Dispatches from the Sofa:
A word on keeping the flu and the zombie apocalypse at bay.
Like so many of my colleagues, friends, and fellow parents, I found our lives completely disrupted by a brutal bout with flu. Much like Genesis and Billy Joel, I could feel it coming in the air tonight for the longest time, but knowing it was probably going to make its rounds to us gave me very little power in preventing it. When Justin and the kids were hit so hard that Justin could not drive or feed the kids, I knew I was probably already a carrier. A week of languishing on the sofa on sick leave has made me realize that we are overlooking some pretty important steps to slowing and spreading infections during cold and flu season.
Arthur tested positive for the flu and strep four days before I showed symptoms outside of a nagging earache and sinus trouble, which meant I had to continue to go to work knowing there was a good chance I was a walking vector, but it wasn’t until Thursday that it hit me. As I went through my day at the school, it was as if someone were slowly turning up the volume on my symptoms. I did not have a fever, but I felt as if I was moving through paste or quicksand, my body heavy and foreign. By the time the final bell rang, I felt as if I were looking through foggy glass at the world around me.
Thursday night brought a fever that paralyzed me with discomfort; I literally sobbed like a sick preschooler, huddled under the blanket on the loveseat where I would basically spend the next five days. Constant, low-grade nausea made even drinking fluids hard, and I lacked the mental focus to even watch TV. Fortunately, the doctor assured me it would only last between 10 days to 2 weeks. ::retreats to fetal position::
As I suffered at home, reports flooded in from friends and colleagues of high absences: 8 students from one class, 6 from another. My job as a high school English tutor has given me a front-row seat to the unholy mess of viral and bacterial vectors running amok this academic year, and it isn’t lost on me that as terrible as I feel, as much as I want to crawl into a hole and bury myself in self-pity, my immune system is much better equipped to handle this than loads of disabled and elderly folks or little babies.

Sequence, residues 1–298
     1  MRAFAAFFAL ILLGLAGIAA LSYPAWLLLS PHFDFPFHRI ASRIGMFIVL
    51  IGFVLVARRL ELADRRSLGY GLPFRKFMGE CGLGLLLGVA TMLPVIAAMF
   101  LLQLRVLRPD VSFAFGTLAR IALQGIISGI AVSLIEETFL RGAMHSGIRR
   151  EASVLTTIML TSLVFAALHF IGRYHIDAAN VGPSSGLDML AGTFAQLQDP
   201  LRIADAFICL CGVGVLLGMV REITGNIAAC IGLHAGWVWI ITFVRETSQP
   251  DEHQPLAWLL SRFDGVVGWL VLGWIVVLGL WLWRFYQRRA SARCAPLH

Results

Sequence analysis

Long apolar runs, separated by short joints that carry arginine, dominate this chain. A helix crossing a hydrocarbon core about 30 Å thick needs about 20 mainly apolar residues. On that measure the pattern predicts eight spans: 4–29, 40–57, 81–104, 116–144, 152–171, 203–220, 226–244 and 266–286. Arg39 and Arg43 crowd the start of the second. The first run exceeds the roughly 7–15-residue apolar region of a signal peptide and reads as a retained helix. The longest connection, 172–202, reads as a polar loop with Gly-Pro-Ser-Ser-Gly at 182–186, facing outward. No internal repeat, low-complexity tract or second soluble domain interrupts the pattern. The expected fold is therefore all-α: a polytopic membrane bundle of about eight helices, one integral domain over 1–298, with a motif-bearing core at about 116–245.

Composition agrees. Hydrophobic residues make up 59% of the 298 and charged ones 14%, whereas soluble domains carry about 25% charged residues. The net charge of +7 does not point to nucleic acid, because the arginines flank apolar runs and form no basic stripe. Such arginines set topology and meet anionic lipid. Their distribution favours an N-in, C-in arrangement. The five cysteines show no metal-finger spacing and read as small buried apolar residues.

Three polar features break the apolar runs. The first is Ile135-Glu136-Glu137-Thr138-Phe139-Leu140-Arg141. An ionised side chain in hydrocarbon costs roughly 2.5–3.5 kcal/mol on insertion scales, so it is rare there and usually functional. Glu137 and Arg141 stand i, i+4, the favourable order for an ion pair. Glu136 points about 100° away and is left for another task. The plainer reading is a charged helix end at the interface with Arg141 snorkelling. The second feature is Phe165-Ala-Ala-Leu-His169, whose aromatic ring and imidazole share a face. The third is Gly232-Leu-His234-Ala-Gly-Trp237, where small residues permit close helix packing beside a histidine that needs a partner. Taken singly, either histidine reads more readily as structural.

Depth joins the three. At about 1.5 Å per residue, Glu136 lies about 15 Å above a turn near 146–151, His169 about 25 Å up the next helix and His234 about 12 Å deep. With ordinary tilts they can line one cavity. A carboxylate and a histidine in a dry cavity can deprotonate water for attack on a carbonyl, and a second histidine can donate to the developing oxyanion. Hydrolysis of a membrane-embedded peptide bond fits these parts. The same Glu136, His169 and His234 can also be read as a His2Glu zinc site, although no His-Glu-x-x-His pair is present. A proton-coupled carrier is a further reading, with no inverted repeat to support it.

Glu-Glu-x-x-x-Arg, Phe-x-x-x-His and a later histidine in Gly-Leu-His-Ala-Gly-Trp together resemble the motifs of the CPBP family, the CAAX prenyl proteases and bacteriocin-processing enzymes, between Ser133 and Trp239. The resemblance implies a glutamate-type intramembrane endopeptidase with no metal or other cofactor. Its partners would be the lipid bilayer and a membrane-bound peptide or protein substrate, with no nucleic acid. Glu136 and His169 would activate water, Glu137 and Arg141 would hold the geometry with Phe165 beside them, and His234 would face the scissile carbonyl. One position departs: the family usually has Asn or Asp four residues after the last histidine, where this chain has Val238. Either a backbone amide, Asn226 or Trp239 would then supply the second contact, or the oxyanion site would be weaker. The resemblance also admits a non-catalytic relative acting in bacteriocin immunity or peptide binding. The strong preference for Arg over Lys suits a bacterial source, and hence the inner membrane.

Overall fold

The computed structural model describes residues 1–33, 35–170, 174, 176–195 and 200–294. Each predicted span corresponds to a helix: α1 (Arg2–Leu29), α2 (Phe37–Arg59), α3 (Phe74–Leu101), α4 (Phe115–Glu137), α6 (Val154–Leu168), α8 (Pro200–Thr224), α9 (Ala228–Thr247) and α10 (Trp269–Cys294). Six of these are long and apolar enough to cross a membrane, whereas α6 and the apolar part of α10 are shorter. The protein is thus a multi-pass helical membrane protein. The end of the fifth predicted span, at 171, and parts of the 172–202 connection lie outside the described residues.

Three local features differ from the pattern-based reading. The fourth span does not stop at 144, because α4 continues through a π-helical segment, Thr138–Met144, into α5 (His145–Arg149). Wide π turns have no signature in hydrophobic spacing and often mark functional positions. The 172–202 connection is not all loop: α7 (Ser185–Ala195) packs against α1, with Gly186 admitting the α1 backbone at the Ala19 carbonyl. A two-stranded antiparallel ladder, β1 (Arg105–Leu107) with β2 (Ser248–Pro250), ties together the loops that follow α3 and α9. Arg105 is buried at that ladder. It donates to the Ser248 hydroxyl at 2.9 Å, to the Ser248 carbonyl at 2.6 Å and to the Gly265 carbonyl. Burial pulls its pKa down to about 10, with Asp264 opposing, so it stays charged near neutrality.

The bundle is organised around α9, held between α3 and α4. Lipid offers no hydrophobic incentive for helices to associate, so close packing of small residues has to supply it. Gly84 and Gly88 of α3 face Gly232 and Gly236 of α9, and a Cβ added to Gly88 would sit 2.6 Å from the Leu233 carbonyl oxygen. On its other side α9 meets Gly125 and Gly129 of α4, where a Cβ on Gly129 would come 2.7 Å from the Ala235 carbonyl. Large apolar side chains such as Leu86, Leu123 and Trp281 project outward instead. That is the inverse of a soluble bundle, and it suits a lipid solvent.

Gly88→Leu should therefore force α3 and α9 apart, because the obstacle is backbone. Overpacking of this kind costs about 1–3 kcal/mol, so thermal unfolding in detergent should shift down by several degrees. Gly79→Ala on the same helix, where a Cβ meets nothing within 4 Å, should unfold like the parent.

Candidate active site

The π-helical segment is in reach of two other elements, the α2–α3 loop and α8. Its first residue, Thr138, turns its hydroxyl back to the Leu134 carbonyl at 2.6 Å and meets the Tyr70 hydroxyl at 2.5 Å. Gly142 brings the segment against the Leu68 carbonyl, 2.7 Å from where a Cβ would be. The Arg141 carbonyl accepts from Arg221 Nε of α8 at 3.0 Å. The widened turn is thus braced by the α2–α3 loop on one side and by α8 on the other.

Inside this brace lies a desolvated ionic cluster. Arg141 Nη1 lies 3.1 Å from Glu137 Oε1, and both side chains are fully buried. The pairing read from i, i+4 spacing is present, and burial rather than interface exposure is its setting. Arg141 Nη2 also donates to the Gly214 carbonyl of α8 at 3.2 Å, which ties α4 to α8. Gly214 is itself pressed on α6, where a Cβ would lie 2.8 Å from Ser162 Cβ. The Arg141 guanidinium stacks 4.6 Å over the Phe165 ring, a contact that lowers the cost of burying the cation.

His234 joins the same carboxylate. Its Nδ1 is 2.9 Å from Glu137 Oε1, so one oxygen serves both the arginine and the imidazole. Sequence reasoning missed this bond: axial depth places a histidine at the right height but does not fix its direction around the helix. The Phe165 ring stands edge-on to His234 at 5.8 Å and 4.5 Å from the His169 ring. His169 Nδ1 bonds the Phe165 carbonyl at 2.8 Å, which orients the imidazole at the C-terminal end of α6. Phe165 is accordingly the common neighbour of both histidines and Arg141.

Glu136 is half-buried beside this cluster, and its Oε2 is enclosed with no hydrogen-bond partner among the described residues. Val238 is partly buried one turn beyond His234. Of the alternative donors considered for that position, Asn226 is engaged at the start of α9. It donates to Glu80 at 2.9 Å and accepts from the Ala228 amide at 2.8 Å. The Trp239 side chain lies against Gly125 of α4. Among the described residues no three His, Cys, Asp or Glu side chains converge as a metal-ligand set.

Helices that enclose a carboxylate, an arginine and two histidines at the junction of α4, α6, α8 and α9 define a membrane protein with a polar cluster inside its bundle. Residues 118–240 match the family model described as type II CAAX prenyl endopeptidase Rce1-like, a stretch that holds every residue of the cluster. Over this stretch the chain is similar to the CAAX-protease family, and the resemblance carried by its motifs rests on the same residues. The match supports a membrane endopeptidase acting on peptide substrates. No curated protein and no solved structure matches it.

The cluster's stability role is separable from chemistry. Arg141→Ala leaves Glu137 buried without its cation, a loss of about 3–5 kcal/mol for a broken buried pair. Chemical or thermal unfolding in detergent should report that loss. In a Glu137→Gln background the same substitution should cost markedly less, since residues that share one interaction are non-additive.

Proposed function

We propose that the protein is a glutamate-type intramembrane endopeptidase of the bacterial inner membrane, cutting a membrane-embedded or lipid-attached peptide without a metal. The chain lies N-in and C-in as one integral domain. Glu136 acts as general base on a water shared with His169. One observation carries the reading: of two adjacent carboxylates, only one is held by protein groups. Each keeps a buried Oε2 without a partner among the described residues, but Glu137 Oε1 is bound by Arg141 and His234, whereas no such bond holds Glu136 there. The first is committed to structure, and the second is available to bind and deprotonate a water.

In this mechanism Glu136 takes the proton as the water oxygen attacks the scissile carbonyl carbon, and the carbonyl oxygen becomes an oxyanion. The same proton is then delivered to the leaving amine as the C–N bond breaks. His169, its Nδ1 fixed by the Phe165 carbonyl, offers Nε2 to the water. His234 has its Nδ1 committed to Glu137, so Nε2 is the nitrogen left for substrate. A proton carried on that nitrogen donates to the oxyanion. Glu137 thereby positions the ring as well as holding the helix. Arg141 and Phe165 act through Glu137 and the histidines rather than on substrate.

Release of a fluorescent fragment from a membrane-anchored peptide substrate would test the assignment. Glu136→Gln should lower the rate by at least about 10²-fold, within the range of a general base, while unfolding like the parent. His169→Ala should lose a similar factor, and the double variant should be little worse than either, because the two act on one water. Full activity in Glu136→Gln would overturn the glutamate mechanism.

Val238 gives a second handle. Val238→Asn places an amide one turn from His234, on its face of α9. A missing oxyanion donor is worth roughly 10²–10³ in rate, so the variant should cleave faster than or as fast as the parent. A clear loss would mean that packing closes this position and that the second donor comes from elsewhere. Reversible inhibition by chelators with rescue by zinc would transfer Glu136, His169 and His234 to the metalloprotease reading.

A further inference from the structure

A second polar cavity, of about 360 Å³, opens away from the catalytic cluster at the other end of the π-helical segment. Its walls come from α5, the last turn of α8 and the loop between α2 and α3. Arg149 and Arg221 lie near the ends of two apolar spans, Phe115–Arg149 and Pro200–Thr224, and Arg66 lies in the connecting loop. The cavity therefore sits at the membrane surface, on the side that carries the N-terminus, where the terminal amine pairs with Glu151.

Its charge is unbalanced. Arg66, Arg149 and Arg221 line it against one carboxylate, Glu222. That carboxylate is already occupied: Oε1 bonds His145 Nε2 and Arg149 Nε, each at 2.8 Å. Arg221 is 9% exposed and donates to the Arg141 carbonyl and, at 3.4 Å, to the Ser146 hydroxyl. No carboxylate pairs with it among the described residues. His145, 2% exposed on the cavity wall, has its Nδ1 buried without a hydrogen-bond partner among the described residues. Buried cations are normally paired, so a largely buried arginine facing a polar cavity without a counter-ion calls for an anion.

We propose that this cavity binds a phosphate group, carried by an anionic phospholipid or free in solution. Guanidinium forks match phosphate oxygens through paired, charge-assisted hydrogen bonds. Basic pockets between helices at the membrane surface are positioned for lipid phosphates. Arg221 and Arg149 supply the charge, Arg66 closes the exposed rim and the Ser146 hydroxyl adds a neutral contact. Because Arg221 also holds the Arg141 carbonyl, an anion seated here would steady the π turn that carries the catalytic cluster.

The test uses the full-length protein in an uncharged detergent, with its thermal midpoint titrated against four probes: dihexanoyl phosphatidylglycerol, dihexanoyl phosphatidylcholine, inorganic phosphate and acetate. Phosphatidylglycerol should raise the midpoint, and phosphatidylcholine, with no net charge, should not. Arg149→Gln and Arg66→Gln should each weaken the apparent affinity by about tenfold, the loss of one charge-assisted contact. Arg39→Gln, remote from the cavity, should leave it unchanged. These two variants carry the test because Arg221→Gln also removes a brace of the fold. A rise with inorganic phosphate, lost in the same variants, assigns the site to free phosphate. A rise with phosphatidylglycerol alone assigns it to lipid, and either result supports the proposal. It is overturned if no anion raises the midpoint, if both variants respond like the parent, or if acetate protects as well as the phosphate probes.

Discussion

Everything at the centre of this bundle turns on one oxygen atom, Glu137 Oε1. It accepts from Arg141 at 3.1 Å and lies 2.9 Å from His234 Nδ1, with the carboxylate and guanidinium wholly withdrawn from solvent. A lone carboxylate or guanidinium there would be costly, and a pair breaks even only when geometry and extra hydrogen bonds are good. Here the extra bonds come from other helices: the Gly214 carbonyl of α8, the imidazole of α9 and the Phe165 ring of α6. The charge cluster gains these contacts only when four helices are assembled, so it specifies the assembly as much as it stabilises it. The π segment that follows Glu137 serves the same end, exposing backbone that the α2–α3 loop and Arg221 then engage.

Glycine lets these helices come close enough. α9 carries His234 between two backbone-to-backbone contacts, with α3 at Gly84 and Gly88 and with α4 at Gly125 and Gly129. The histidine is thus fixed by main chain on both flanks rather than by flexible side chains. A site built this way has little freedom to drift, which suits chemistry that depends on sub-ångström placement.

Two members of the Roe-Owen fam are asthmatics, which means we have to be extremely careful about the spread of illness into our home. Not having asthma myself, I grew up with a very 1980s movie-inspired concept of asthma as just sort of a quirk where its bearers carry a cute little plastic accessory to puff on when they become exerted or anxious.
In reality, asthma can be downright terrifying and certainly dangerous. Like me, Justin knew very little about asthma until he was diagnosed with it in his late 20s after a seemingly endless series of debilitating bouts of bronchitis. I had watched helplessly as Justin’s lips and skin took on a pale, claylike grayish blue and he gasped and wheezed in his sleep; so potent was my fear that I used to check to make sure he was still breathing when he became quiet. An emergency room doctor at Claremore Indian Hospital had looked at him with great concern, explaining how his own brother-in-law had unexpectedly died of asthma at the age of 30 while painting his house. Looking back on the countless breathing treatments and attacks Justin has had over the years, I imagine that doctor has saved Justin’s life a half dozen times over.